Someone else’s messy desk is completely different than my own messy desk.
Just because a workspace looks “cluttered” does not mean its unorganized. It may be highly organized to the person who put the stuff there, who knows exactly where everything is.
My wife thinks I keep the garage a mess. But I know exactly where everything is, and put the stuff where it makes the most sense to me. Things I need frequently are right there where I can see them. Things I need less often are placed in a logical area (to me) to get them quickly when I need them. Everything is in its proper place as far as I am concerned.
I hope she never looks into the cabinet where I keep the file server at home. (which looks more like an “exploded view” of a computer you see in a parts diagram)
Yeah, but this is the 1955 desk that he futzed unsuccessfully about unification theory for decades— I want to see the 1905 desk.
I used to keep my lab bench and fume hood spotlessly clean. Then a postdoc got the spot next to me and he treated any open space as his space. I got messy as a defense mechanism.
My desk is perpetual chaos (papers and computers and instruments and cables and hand tools and papers and dinosaur figurines and plants and doodles and forgotten cups of tea) and yet my mind remains impure. Explain that, doc!
… currently, my WFH/home office desk has roughly 97% of the surface covered with everything from napkins to art supplies, to tech, a 3-d printed dumpster with “2020” on the front face containing a handful of ball bearings, a couple posable reference figures, and my beloved red stapler.
My desk at the office is about 70% covered with assorted crap (mostly cables) from the various projects I’ve worked on the last two years; however, there are probably a handful of dried up whiteboard markers in the mix as well…
According to this I am at mad scientist level!
I can’t be bothered to look it up, but the it’s called the “volcano” system. Important things stay near the top, less important things slowly move down as other things are pulled out from beneath them. And everything is in there. Also, people that use this system (I was one) have a generally good sense of where things are because they will see some of them when they pull other stuff out.
Every now and then, usually during a break or when you get a wild hair (hare?) you kind of straighten it up a bit and throw away stuff on the bottom that you are sure you don’t need any more.
My desks at home and at work are covered fairly thickly with all sorts of things. Notebooks and stickies and pens, tools and hardware and bits and pieces of metal and rocks that I like to collect, little pieces of art that I found or made, and various other forms of gear and paraphernalia: computers, lava lamps, coffee cups, etc. I like getting it cleaned up sometimes, but I can work well with it this way. It looks disorganized but I know where everything is.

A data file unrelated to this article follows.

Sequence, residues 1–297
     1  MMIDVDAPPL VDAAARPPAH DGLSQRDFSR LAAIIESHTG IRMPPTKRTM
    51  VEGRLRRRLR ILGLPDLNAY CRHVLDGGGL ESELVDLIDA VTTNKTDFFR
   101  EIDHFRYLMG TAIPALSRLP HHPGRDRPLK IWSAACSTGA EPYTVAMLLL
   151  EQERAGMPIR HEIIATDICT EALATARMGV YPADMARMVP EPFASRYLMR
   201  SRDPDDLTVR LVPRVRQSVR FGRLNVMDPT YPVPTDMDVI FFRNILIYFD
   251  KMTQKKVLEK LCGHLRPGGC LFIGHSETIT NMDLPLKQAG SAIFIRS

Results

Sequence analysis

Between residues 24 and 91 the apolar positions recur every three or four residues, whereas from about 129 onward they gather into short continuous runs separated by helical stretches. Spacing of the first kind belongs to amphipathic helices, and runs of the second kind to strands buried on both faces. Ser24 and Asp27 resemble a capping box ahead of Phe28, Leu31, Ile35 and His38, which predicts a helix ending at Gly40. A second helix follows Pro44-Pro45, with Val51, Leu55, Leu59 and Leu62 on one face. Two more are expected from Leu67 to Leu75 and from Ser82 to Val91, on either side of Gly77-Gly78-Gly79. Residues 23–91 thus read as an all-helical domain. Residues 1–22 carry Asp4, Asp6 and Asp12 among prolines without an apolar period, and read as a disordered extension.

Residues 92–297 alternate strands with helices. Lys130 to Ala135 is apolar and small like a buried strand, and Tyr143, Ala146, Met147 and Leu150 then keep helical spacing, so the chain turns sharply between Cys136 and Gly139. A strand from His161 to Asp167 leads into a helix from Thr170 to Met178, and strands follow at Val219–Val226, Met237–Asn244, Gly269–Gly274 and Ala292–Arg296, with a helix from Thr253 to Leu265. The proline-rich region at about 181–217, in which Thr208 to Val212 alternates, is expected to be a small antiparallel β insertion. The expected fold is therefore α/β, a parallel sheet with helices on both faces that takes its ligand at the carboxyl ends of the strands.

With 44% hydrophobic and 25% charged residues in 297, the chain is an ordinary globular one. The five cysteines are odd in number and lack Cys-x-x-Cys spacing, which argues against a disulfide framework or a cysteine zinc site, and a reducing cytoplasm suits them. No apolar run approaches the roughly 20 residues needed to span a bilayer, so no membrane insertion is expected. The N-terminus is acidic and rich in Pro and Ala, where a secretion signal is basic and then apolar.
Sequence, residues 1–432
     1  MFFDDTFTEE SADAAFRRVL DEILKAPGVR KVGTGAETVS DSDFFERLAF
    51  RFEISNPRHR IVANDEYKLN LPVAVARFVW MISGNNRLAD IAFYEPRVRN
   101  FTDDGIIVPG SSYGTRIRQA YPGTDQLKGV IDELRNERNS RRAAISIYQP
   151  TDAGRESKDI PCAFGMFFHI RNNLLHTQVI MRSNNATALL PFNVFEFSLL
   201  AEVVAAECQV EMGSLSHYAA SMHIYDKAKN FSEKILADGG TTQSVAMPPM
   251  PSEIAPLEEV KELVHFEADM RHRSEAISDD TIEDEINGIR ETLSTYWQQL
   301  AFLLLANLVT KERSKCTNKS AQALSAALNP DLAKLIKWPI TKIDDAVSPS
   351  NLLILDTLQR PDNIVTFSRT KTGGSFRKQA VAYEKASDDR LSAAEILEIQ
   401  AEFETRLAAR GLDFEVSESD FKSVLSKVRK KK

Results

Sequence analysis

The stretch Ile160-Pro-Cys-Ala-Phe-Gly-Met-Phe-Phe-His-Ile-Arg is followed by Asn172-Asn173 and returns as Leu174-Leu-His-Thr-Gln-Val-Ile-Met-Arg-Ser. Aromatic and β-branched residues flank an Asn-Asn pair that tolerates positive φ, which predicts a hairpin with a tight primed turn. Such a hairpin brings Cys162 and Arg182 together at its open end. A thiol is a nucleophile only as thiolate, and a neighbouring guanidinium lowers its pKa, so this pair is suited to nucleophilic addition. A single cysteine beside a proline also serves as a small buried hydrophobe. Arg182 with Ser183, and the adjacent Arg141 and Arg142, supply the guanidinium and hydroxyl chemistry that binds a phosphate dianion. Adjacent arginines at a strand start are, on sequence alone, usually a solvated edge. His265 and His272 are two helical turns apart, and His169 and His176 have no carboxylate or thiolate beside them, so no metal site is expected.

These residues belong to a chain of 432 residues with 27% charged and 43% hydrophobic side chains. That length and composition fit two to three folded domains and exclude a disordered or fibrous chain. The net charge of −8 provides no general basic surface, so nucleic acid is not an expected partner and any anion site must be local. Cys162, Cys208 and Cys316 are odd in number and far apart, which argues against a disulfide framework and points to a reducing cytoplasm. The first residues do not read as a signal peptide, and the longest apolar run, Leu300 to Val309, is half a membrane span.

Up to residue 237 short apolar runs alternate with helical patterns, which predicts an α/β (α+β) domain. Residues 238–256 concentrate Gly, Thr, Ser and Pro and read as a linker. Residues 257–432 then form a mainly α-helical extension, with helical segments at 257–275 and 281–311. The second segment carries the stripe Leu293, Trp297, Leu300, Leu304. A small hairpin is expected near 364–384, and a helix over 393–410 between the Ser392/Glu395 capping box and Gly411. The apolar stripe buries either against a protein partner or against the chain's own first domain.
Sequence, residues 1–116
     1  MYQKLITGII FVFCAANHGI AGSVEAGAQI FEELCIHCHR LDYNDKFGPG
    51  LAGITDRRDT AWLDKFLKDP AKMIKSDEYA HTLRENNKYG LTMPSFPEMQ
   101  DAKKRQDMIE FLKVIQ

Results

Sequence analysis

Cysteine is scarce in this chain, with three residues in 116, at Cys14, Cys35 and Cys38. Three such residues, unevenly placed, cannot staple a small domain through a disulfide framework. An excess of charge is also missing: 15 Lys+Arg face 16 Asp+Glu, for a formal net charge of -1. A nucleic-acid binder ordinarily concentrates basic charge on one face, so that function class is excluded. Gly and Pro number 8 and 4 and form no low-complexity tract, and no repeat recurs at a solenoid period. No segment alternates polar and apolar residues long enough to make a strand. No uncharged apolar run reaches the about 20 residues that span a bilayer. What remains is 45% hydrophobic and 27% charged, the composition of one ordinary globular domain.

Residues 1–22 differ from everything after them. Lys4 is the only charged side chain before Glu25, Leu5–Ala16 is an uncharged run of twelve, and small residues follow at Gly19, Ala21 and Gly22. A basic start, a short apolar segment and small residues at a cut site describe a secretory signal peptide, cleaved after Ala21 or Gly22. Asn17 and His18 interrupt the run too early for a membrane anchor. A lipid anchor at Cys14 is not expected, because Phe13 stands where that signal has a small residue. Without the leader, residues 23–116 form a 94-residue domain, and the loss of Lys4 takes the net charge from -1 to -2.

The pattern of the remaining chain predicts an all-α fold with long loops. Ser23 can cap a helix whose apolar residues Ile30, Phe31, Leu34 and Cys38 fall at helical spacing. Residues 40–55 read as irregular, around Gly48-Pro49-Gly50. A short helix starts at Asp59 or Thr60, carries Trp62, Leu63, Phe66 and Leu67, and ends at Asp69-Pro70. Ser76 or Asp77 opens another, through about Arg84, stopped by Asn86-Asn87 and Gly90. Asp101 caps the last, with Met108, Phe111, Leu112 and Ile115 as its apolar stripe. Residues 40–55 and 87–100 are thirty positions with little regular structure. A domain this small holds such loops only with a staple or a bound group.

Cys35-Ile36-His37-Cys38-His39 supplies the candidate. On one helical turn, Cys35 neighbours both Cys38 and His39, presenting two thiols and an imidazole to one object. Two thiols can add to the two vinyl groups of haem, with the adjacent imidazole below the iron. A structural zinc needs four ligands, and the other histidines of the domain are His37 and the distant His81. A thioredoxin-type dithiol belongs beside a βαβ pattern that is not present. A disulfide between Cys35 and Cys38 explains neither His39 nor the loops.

An old supervisor of mine once had a sign over her piles of stuff:
Neat people never make the fascinating sorts of discoveries that I do!
Cluttered and dirty are two different things!
Oh, I get it.
Yeah, I’m no fun at parties.
Edit to correct something. I forgot what already. Can’t find it now.
I find it a lot more comfortable to sleep on if I clean it off first.
There’s also a link to being able to hyperfocus or not. My desk has many layers of stuff, some of which I haven’t seen in a few years, yet when I stare at the computer it just all disappears. Unless I need something (which can take some hunting around).
Sounds about right. Additionally if you have a spatial memory you might put something a specific place because you were interrupted and set it down to be picked up again after you were finished.
I remember where I left everything in my messy desk because it is in that spot for a reason.
A trick I really like is, if I need to make sure I don’t forget to take something with me when I leave the house, I will put my car keys on top of it. Guaranteed reminder.
That is EXACTLY my situation!
Then I must be a fucking genius.
Apple & chocolate is a good combination.
Sleep under the desk for less interruption
What was the clean desk policy at the Swiss Patent Office?
Do a search on einstein+aspergers to find out about the sloppiness correlation.
Yes! That was my first response… I can’t work with other peoples clutter and noise around me.
But the mess on my desk has accumulated and can generally be divided into the stuff I need ‘now’, the stuff in potential for something now or soonish, and the stuff I can’t let go of being around that may come in useful or bring back memories.
Very much not into parting with things that don’t “spark joy” because more often than not sometimes that stuff does and sometimes it ‘spark’ a useful sorrow to negotiate.